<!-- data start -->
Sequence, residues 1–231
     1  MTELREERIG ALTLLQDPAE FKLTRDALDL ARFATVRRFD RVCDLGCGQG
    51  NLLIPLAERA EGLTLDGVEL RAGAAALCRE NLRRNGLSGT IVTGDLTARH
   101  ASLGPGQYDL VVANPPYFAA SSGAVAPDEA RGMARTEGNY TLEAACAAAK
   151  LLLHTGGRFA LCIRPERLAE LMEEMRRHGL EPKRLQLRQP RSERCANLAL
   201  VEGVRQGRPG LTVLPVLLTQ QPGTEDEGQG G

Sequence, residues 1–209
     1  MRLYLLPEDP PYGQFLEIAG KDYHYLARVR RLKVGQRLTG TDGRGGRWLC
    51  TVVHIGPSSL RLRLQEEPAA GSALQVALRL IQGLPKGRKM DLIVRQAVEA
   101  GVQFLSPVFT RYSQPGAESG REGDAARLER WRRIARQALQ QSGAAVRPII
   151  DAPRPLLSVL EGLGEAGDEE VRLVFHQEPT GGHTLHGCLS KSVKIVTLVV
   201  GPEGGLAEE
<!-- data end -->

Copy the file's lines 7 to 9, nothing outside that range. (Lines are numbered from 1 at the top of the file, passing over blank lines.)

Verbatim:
Sequence, residues 1–209
     1  MRLYLLPEDP PYGQFLEIAG KDYHYLARVR RLKVGQRLTG TDGRGGRWLC
    51  TVVHIGPSSL RLRLQEEPAA GSALQVALRL IQGLPKGRKM DLIVRQAVEA